\[ {K^{R}}(x,y)={\sum \limits_{n=0}^{\infty }}{\lambda _{n}^{R}}\hspace{2.5pt}{\phi _{n}^{R}}(x)\overline{{\phi _{n}^{R}}(y)}\]

where \[\begin{aligned}{}{\lambda _{n}^{R}}& =\frac{\gamma (n+1,{R^{2}})}{n!},\\ {} {\phi _{n}^{R}}(x)& =\frac{1}{\sqrt{\pi \gamma (n+1,{R^{2}})}}\hspace{2.5pt}{x^{n}}{e^{-|x{|^{2}}/2}},\end{aligned}\]

with $\gamma (n,r)$ being the lower incomplete gamma function. We denote by ${\mathfrak{G}_{R,N}^{1,1}}$ the truncated Ginibre process whose kernel is the truncation of ${K_{R}}$ to its first *N*components: \[ {K_{N}^{R}}(x,y)={\sum \limits_{n=0}^{N-1}}{\lambda _{n}^{R}}{\phi _{n}^{R}}(x)\overline{{\phi _{n}^{R}}(y)}.\]

We assume here $\lambda =1$ and $\beta =1$ only for the sake of simplicity, the computations could be done similarly for any values of *λ*and*β*. In the following, we remove the superscript $(1,1)$ as*λ*and*β*are fixed. The strict application of Algorithm 1 for the simulation of ${\mathfrak{G}_{R}}$, requires to compute all the quantities of the form to determine which Bernoulli random variables are*active*. Strictly speaking, this is unfeasible. However, it is a well-known observation that the number of points of ${\mathfrak{G}_{R}}$ is about ${R^{2}}$. So it is likely that ${\mathfrak{G}_{R}}$ and ${\mathfrak{G}_{R,{N_{R}}}}$ should be*close*for ${N_{R}}$ close to ${R^{2}}$. This is what proves the next theorem.Actually, the proof says that with high probability, ${\mathfrak{G}_{R}}$ and ${\mathfrak{G}_{R,{N_{R}}}}$ do coincide.

##### Proof.

First, using the integral expression $\gamma (j,x)={\textstyle\int _{t=0}^{x}}{t^{j-1}}{e^{-t}}\operatorname{d}\hspace{-0.1667em}t$, observe that ${\textstyle\sum _{j=1}^{\infty }}\frac{\gamma (j,x)}{\Gamma (j)}=x$. Then, using the formula $\gamma (n+1,x)=n\gamma (n,x)-{x^{n}}{e^{-x}}$, we have by induction

\[ {\sum \limits_{j=n+1}^{\infty }}\frac{\gamma (j,x)}{\Gamma (j)}=\frac{{x^{n}}{e^{-x}}-(n-x)\gamma (n,x)}{\Gamma (n)}\cdot \]

For $n={(R+c)^{2}}$ and $x={R^{2}}$, this implies \[\begin{aligned}{}\sum \limits_{j\ge {(R+c)^{2}}}{\lambda _{j}^{R}}& \le {(R+c)^{2}}\frac{{R^{2{(R+c)^{2}}}}{e^{-{R^{2}}}}}{{(R+c)^{2}}!}.\end{aligned}\]

Using the bound $n!\ge \sqrt{2\pi n}{\left(\frac{n}{e}\right)^{n}}$, \[\begin{aligned}{}\sum \limits_{j\ge {(R+c)^{2}}}{\lambda _{j}^{R}}& \le \frac{R+c}{\sqrt{2\pi }}\frac{{R^{2{(R+c)^{2}}}}{e^{{(R+c)^{2}}-{R^{2}}}}}{{(R+c)^{2{(R+c)^{2}}}}}\\ {} & \le \frac{R+c}{\sqrt{2\pi }}{e^{{(R+c)^{2}}-{R^{2}}-2{(R+c)^{2}}\log (1+\frac{c}{R})}}\\ {} & \le \frac{R+c}{\sqrt{2\pi }}{e^{{(R+c)^{2}}-{R^{2}}-2{(R+c)^{2}}\frac{\frac{c}{R}}{1+\frac{c}{R}}}}\\ {} & \le \frac{R+c}{\sqrt{2\pi }}{e^{-{c^{2}}}}.\end{aligned}\]

Since $R>c$, the proof is complete. □As a corollary of the previous proof, we have for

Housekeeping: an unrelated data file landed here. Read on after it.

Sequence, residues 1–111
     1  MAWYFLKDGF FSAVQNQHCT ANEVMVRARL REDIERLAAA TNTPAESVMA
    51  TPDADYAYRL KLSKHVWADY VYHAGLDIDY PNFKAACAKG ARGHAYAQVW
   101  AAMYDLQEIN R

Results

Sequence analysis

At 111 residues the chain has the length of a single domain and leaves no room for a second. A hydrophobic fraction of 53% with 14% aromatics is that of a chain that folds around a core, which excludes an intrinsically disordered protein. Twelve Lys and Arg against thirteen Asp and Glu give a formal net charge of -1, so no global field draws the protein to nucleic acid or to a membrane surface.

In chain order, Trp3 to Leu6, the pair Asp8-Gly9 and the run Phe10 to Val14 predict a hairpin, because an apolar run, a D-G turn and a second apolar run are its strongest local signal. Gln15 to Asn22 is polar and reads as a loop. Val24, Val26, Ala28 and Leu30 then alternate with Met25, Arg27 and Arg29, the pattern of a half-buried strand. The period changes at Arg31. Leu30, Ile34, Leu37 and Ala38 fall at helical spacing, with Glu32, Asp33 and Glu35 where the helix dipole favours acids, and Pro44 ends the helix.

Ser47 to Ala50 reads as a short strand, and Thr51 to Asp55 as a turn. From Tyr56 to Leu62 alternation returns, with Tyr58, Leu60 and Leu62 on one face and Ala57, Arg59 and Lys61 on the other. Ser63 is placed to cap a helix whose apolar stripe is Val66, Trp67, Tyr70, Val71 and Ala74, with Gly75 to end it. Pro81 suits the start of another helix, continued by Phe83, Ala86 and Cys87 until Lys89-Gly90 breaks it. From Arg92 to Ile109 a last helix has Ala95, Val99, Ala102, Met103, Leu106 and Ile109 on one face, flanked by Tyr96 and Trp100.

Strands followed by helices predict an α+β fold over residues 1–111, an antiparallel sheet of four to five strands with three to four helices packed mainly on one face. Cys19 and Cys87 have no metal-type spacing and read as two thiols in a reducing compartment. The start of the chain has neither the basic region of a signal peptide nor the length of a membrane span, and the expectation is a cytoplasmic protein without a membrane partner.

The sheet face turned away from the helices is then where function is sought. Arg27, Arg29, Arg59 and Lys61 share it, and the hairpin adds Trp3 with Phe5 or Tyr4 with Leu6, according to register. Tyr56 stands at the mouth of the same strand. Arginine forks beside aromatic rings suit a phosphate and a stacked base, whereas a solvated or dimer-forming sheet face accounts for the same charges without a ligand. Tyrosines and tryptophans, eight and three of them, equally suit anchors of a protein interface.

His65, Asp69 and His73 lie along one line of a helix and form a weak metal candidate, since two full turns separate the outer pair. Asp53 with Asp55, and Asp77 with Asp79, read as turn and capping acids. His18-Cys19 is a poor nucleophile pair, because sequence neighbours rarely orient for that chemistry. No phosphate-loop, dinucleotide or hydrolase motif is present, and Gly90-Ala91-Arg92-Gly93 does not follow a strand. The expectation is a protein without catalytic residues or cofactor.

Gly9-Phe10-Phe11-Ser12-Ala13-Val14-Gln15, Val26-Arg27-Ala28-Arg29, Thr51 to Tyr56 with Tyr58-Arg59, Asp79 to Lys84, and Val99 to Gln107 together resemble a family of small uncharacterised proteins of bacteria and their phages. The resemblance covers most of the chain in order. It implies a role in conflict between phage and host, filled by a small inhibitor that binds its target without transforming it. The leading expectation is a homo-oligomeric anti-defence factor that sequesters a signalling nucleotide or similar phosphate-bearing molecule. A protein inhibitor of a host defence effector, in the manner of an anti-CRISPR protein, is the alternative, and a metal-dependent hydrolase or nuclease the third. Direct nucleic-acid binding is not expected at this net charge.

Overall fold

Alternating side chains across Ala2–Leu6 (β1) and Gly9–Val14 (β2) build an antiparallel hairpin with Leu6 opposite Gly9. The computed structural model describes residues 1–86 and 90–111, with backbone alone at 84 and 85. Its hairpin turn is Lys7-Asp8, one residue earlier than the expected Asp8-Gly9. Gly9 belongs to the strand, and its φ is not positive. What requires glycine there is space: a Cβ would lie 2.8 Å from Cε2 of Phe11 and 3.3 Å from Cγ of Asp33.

##### (14)

\[ \mathbf{P}(\exists j\ge {(R+c)^{2}},\text{B}({\lambda _{j}^{R}})=1)\le \sum \limits_{j\ge {(R+c)^{2}}}{\lambda _{j}^{R}}\le \kappa R{e^{-{c^{2}}}}\]*R*large enough. This means that the number of*active*Bernoulli random variables in Algorithm 1 is less than ${(R+c)^{2}}$ with high probability. We can also provide a lower bound on the cardinality of*I*.##### Proof.

As in the previous proof, we will reduce the problem to bounding a sum of reduced incomplete gamma functions.

\[\begin{aligned}{}\mathbf{P}(\operatorname{card}(I)<{(R-c)^{2}})& =1-\mathbf{P}(\operatorname{card}(I)\ge {(R-c)^{2}})\\ {} & \le 1-\prod \limits_{0\le j<\lfloor {(R-c)^{2}}\rfloor }\mathbf{P}(\operatorname{B}({\lambda _{j}^{R}})=1)\\ {} & \le \sum \limits_{0\le j<\lfloor {(R-c)^{2}}\rfloor }(1-\mathbf{P}(\operatorname{B}({\lambda _{j}^{R}})=1))\\ {} & \le \sum \limits_{1\le j\le \lfloor {(R-c)^{2}}\rfloor }\frac{\Gamma (j,{R^{2}})}{\Gamma (j)}\cdot \end{aligned}\]

Using the formula $\Gamma (n+1,x)=n\Gamma (n,x)+{x^{n}}{e^{-x}}$, we have by induction \[ {\sum \limits_{j=1}^{n}}\frac{\Gamma (j,x)}{\Gamma (j)}=\frac{{x^{n}}{e^{-x}}-(x-n)\Gamma (n,x)}{\Gamma (n)}\cdot \]

For $n=\lfloor {(R-c)^{2}}\rfloor $ and $x={R^{2}}$, this implies \[\begin{aligned}{}\mathbf{P}(\operatorname{card}(I)<{(R-c)^{2}})& \le {(R-c)^{2}}\frac{{R^{2{(R-c)^{2}}}}{e^{-{R^{2}}}}}{{(R-c)^{2}}!}\cdot \end{aligned}\]

Using Stirling formula, \[\begin{aligned}{}\mathbf{P}(\operatorname{card}(I)<{(R-c)^{2}})& \le \frac{R-c}{\sqrt{2\pi }}\frac{{R^{2{(R-c)^{2}}}}{e^{{(R-c)^{2}}-{R^{2}}}}}{{(R-c)^{2{(R-c)^{2}}}}}\\ {} & \le \frac{R-c}{\sqrt{2\pi }}{e^{{(R-c)^{2}}-{R^{2}}-2{(R-c)^{2}}\log (1-\frac{c}{R})}}\\ {} & \le \frac{R-c}{\sqrt{2\pi }}{e^{{(R-c)^{2}}-{R^{2}}+2{(R-c)^{2}}\frac{\frac{c}{R}}{1-\frac{c}{R}}}}\\ {} & \le \frac{R-c}{\sqrt{2\pi }}{e^{-{c^{2}}}}\cdot \end{aligned}\]

The proof is thus complete. □The combination of Lemma 20 and (14) shows that the cardinality of

*I*is of the order of ${R^{2}}$ with high probability.### 5.1 Inverse transform sampling

The next step of the algorithm is to draw the points according to a density given by a determinant. Since we do not have explicit expression of the inverse cumulative function of these densities, we have to resort to rejection sampling. Fortunately, the particular form of the eigenfunctions of isotropic point processes, like the Ginibre point process, is prone to the simulation of modulus and arguments by inverting their respective cumulative distribution function. The key remark is that along the iterations which are necessary to draw the ${W_{i}}$, the densities always have the same form: Without any approximation, ${f_{k}}$ corresponds to the radial component of ${p_{I}}$ and is given by (19). When we approximate the eigenfunctions, ${f_{k}}$ is replaced by ${\tilde{f}_{k}}$ as in (20). This new approach is summarized in Algorithm 2.

##### (15)

\[ {p_{i}}(z)=\sum \limits_{k\in I}{a_{k,i}}\hspace{2.5pt}{z^{{n_{k}}}}\hspace{0.1667em}{f_{k}}(|z|),\hspace{2.5pt}\text{for}\hspace{2.5pt}i=1,\dots ,|I|.\]##### Lemma 21 (Cumulative distribution of the modulus).